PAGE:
Date of Award

Fall 4-27-2022

Document Type

Honors Project

Degree Name

Bachelor of Arts


Art and Art History

Department Chair or Program Director

McMillan, Jon

First Advisor

DeLancey, Julia

Major or Concentration

Art History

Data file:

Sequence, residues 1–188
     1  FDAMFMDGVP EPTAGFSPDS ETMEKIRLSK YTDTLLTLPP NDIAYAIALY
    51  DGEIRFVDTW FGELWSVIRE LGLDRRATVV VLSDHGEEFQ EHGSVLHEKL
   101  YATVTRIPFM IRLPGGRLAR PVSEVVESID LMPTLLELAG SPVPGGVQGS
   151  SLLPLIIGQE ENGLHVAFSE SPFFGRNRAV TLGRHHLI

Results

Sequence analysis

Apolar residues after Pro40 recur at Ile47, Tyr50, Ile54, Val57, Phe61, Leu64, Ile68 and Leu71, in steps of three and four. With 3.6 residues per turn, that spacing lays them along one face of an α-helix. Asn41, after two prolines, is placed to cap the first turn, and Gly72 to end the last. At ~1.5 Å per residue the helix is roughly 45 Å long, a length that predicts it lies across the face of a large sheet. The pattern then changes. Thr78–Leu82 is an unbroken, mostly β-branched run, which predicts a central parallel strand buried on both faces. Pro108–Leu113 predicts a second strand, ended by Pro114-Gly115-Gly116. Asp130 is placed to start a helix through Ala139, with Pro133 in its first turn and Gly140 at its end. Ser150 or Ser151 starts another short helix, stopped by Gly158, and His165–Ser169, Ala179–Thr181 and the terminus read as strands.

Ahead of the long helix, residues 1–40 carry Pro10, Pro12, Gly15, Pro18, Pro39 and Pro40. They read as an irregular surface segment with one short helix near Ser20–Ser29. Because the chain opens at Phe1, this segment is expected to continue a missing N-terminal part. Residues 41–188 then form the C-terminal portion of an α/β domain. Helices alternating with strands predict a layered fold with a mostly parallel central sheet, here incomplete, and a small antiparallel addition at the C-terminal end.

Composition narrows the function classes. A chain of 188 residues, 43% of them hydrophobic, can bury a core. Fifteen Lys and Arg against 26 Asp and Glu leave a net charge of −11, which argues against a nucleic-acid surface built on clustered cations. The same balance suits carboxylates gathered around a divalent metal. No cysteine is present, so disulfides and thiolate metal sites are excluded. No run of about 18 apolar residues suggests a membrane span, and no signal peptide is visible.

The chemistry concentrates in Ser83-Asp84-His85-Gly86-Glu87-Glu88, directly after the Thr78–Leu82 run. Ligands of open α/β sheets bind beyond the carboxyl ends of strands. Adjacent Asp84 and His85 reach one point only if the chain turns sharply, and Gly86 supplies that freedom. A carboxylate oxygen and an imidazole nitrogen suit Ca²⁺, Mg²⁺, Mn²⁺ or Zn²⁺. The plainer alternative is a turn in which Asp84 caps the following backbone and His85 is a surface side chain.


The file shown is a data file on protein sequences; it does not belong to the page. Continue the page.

By the early-twentieth century, developments in medicine and psychology tremendously influenced the visual arts. From the medical photography of the Salpêtrière to the psychoanalytic theories of Sigmund Freud, the cultural attitudes and understandings of illnesses and treatments were available to artists whose work engaged with the medical community during this time. The oeuvre of Viennese Expressionist Egon Schiele demonstrates this influence by utilizing iconography related to disability. In order to construct his identity as an artist, Schiele turns to representations of atypical physiognomy that allow him to assert the identity of a ‘tortured artist’ and establish himself among the Viennese avant-garde. Through his use of atypical physiognomy, Schiele presents himself in an innovative and radical manner that rejects the conventional standards of beauty set forth by the academy. This paper will examine how this radical assertion of the self allows Schiele to adopt the persona of a ‘suffering artist’ and create an identity that both sets him apart from the standard and signals to the Viennese avant-garde that he is one of them. Through his objectification of disability, Schiele is able to self-fashion his artistic identity and signal his knowledge of Vienna as a repository for physical and mental difference that he can utilize for his own artistic gain.